The African Union Mission in Somalia and two other actors in the region enabled training in IHL and international human rights law for officers of the Somali National Army and the Special Police Force. The training was designed specifically for the Somali context and included references to traditions and religious rules that can be influential in ensuring respect for the law.
In March 2011, during Canada's Operation Mobile in Libya, two Canadian fighter jets aborted an airstrike that they had been authorized to carry out: they did so because of their assessment that the collateral damage would be too high. Their actions, which demonstrated respect for the principles of proportionality and precautions in attack, may have been influenced by military ethics and also by military interests, particularly the wish to preserve political support for Operation Mobile.
In 2011, during NATO-led Operation Unified Protector, Türkiye evacuated and treated seriously wounded from the besieged Libyan towns of Misurata and Benghazi. The wounded were cared for onboard a Turkish ship and, upon arrival at the Turkish port of Çeşme, were transported to medical centers for further care.
In the aftermath of the Eritrean–Ethiopian War (1998-2000), both parties repatriated Prisoners of War (PoWs). The Algiers Peace Agreement enabled an independent commission to hear claims related to potential violations of international humanitarian law. This included an assessment as to whether POWs repatriation was made incompliance with IHL.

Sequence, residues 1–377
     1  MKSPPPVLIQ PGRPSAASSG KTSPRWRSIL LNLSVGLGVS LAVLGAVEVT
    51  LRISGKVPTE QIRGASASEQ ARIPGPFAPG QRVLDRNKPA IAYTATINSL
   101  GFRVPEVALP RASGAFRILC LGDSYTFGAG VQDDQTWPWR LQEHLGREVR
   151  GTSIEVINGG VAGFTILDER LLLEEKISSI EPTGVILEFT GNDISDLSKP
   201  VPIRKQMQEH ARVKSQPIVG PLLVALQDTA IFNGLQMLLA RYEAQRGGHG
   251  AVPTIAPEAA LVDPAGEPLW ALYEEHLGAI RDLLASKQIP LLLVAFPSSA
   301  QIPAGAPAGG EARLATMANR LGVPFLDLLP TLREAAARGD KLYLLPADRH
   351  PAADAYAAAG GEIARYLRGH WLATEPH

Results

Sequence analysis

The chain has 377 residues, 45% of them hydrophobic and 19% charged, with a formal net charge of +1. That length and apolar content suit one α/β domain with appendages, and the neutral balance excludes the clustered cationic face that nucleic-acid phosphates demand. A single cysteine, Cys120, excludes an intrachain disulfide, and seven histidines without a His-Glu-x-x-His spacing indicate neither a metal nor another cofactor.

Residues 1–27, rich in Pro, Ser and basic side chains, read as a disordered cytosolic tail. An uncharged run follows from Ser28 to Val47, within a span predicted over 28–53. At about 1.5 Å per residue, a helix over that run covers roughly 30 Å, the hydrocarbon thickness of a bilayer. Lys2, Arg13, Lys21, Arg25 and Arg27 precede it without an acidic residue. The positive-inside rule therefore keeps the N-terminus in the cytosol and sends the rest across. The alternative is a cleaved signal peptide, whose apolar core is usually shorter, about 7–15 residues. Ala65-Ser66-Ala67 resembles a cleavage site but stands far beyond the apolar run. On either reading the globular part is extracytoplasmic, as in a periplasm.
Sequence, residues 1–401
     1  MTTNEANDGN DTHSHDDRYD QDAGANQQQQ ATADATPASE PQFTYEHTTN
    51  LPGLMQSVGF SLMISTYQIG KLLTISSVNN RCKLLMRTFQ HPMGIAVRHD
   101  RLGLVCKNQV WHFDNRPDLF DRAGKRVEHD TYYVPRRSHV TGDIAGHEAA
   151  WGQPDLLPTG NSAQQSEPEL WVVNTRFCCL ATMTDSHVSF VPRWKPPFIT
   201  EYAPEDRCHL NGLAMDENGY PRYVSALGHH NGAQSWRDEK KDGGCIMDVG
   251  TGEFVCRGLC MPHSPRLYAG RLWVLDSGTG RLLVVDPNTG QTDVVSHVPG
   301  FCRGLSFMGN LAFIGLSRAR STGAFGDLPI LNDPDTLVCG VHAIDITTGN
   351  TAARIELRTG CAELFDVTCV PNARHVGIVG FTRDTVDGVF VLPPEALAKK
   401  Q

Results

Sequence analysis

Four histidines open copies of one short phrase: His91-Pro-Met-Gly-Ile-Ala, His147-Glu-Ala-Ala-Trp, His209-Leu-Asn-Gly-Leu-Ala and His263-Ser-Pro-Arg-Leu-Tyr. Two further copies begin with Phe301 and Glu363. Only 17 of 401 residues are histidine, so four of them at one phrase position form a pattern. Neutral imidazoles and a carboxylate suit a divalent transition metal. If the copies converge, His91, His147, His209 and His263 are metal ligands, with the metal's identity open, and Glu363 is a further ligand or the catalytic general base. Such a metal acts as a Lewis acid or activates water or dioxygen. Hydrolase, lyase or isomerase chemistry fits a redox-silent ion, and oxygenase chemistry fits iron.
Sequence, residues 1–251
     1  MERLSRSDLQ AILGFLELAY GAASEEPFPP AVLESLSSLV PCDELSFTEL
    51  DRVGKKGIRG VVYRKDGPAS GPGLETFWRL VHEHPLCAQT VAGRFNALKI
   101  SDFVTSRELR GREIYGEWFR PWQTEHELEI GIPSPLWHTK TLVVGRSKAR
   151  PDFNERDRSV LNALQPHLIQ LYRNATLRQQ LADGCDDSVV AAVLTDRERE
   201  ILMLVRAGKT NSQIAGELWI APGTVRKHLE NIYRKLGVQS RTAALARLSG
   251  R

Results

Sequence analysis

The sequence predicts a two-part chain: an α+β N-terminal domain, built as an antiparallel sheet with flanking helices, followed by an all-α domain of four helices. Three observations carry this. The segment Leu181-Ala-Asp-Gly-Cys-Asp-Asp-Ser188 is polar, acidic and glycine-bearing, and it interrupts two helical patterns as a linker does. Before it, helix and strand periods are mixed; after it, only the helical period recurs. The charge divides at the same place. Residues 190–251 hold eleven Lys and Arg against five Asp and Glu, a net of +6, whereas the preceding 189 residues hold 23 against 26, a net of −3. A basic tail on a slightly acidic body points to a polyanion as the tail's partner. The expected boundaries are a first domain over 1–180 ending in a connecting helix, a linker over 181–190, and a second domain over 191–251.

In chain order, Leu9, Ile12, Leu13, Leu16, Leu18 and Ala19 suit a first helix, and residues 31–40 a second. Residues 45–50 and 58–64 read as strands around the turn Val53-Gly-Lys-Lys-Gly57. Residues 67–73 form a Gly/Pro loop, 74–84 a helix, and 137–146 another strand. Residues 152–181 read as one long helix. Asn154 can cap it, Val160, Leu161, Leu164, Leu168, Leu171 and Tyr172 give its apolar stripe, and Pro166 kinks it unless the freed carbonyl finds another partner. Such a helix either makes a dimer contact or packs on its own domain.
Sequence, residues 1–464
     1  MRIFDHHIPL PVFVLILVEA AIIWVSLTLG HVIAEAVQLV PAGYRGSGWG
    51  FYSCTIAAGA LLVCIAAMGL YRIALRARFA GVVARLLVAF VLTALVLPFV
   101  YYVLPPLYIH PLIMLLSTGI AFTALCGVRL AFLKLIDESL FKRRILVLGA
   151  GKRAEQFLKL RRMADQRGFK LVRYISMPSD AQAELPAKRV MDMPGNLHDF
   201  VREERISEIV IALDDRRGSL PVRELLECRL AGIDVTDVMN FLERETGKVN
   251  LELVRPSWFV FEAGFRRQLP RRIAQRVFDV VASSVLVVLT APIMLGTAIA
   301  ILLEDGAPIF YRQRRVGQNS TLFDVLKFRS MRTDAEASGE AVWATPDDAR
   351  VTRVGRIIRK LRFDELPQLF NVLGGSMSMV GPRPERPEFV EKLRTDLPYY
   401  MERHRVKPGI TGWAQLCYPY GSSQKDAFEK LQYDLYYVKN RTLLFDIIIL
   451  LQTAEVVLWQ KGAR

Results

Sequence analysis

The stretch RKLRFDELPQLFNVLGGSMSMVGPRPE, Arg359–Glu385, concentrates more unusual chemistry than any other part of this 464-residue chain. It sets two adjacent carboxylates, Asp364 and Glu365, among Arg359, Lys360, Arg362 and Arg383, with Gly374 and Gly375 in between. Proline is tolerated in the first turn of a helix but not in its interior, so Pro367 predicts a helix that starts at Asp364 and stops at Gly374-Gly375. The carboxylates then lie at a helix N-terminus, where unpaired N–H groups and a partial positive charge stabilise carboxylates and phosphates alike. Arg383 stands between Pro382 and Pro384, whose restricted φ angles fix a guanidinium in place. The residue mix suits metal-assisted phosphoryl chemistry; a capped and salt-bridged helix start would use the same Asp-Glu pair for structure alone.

During the 2011 armed conflict in Libya, the Libyan National Transitional Council (NTC) launched a frontline manual on the fundamental rules of armed conflict and distributed it in various forms, including sending extracts as text messages on mobile phones and broadcasting non-stop radio and TV messages.
In the context of different internal conflicts in Sudan, both the Justice and Equality Movement (JEM) and the Sudan People’s Liberation Movement-North (SPLM-N) have released detainees in response to appeals from religious leaders, civil society organizations and prestigious national figures. The president of Uganda negotiated and oversaw the release.
The Lusaka Ceasefire Agreement in 1999 included the commitment to release prisoners of war (POWs). Thanks to the support of the Security Council and the cooperation of different agencies and organizations, numerous POWs were eventually released by the Democratic Republic of the Congo (DRC).
During the 2002-2004 armed conflict in Côte d’Ivoire, members of the Ivoirian Defense Forces were released by the Forces Nouvelles on two occasions. This release occurred in accordance with the Amnesty Law passed by the Ivorian Government and in the context of a peace agreement achieved between the Ivorian Government and the rebel forces, facilitated by external actors such as France and the UN.
In 2015, the Sudan People’s Liberation Movement–North neutralized its stockpile of anti-personnel landmines following the signature of a Deed of Commitment, and with the technical help provided by experts from Geneva Call. Subsequently, the United Nations Mine Action Service, collaborating with the Sudanese Government continues to clear millions of square meters from unexploded ordnances (UXO) and landmines.